Use technology to go paperless

Published 2013-05-08T08:00:00Z”/>

opinion/columnists
opinion

Zachary Coyl

With the help of technology, students have more options to learn and gather information.

The future is here. And with laptops, tablets, smartphones and other devices, it’s now possible for students to go paperless.

Living paperless means carrying less crap around, being organized and getting on top of schoolwork.

Living without textbooks would be easy because they’re expensive and heavy. Cutting them out would help out your wallet and your back.

E-books can be bought online, usually for a lower price, and are easily read with numerous devices.

It’s easy to find free PDF versions of books online. Whether this is entirely legal depends on where you download them, but California legislation is in the works to legitimize free online texts for college students.

It’s not just students who are going paperless — classrooms are making the transition as well. More and more, teachers are making their lectures available online, which means less note-taking.

For the things you have to write down, try typing instead. Laptops, tablets and even smartphones make it easy to jot down notes. For the latter two, there are many handy apps to help remind you about appointments, deadlines and to-do lists to keep you organized.

Other applications allow you to scan and convert handouts and other loose papers into PDFs that can be read on all your screens. If you don’t feel like buying any of these apps, taking a picture with your phone can help next time your essay instructions end up crumpled and forgotten at the bottom of your backpack.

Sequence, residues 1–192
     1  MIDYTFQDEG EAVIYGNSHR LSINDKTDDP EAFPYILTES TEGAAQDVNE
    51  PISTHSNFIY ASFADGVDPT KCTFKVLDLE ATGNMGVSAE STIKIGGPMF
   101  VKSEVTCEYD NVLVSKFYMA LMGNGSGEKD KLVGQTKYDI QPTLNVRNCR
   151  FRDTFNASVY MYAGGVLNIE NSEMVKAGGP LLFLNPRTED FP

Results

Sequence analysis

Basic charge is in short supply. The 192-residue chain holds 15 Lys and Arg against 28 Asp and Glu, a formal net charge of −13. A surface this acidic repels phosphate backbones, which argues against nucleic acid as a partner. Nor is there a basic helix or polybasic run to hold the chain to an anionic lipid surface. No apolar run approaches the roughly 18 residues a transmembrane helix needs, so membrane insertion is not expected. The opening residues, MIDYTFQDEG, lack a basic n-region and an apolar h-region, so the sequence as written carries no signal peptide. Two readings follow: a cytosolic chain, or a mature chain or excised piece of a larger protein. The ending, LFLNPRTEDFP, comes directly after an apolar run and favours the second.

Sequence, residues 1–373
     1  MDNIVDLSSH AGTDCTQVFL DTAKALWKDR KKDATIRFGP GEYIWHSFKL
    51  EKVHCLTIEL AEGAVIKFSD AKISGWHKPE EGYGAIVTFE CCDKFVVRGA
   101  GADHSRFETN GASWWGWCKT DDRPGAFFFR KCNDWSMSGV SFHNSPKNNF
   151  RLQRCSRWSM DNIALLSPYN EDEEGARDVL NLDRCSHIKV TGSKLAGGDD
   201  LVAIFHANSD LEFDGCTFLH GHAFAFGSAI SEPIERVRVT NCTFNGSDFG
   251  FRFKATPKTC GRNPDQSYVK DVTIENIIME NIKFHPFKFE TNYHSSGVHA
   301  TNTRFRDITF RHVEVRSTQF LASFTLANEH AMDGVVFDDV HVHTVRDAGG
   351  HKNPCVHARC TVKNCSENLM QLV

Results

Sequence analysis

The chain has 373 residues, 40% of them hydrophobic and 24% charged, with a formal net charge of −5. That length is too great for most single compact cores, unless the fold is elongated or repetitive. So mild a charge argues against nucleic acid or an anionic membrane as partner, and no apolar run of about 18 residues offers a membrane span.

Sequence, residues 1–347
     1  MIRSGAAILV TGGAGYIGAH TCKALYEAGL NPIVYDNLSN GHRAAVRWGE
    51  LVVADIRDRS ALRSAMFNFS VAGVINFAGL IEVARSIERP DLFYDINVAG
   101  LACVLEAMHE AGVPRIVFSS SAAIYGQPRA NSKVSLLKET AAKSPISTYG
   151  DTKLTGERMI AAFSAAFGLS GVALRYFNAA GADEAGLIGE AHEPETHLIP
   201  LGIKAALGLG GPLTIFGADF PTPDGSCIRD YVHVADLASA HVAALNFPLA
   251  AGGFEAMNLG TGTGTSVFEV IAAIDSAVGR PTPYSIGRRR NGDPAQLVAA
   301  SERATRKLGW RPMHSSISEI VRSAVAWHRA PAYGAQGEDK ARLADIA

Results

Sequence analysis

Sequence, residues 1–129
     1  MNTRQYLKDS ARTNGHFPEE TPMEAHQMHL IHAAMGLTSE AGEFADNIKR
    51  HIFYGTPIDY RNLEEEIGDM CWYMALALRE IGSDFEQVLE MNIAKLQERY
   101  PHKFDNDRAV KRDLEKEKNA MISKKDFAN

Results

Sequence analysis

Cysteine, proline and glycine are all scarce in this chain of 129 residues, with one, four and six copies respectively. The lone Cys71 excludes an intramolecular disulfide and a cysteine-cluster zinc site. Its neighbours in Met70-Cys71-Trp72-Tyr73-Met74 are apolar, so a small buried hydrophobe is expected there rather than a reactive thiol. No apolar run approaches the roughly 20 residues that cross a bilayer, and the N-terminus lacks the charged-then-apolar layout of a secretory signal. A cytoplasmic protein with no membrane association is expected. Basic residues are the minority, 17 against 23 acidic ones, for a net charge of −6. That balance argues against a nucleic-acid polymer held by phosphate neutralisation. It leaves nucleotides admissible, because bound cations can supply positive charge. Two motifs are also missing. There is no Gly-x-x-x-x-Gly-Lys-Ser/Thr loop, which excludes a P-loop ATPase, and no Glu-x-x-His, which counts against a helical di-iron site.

Being paperless is convenient, but sometimes it isn’t always possible. We’ve come a long way, but some of us aren’t there yet.

If you find yourself in a classroom with a tech-unfriendly policy, it’s best to talk to your professor.

Technology can help your grades, but it’s ultimately your instructors who give them out at the end of the semester. If devices are not allowed, I suggest printing the lectures and bringing them to class. If their lessons are not uploaded online, don’t forget to always bring a pen.

For those with enlightened professors, or with those who allow the use of electronics, I have one piece of advice: Get off Facebook.

Seriously — it ruins the class for the rest of us, people who are actually trying to take notes electronically or otherwise. It’s also distracting.

Technology is definitely a powerful thing in and out of the classroom, but it doesn’t help you if you’re not using it productively.

While it may sound like I frown upon Luddites and their kind, that is far from the truth.

I like to take a hybrid or balanced approach to being a paperless student.

I still bring some textbooks on days I only have a class or two because they’re lighter than my laptop. On my busier school days, I always bring a notebook and pen just in case.

It is key to recognize technology as a tool. Like any other tool, certain ones are more suitable for certain tasks. But more importantly, technology is there to help you, so use it.

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Zachary Coyl can be reached at

[email protected]

  1. Zachary Coyl